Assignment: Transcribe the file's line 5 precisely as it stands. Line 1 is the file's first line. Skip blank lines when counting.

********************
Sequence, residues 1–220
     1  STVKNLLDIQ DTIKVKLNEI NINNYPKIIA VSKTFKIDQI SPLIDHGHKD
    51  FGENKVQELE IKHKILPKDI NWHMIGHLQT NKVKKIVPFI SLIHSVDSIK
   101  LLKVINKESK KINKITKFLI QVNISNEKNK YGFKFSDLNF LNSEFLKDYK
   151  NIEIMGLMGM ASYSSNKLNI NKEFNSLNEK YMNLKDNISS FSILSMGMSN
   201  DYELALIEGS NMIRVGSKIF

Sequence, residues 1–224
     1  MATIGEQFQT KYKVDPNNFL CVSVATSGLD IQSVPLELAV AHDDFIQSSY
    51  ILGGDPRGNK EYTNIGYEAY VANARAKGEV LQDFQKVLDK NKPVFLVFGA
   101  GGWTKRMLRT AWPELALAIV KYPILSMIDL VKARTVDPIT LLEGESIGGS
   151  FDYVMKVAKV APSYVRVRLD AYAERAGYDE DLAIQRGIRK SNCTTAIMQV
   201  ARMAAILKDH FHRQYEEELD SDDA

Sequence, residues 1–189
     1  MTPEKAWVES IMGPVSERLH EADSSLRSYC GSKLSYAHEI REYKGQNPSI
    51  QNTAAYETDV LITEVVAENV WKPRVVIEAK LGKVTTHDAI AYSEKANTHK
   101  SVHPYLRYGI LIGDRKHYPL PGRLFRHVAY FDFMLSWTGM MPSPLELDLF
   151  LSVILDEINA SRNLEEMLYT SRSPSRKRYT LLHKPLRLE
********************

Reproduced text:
   151  NIEIMGLMGM ASYSSNKLNI NKEFNSLNEK YMNLKDNISS FSILSMGMSN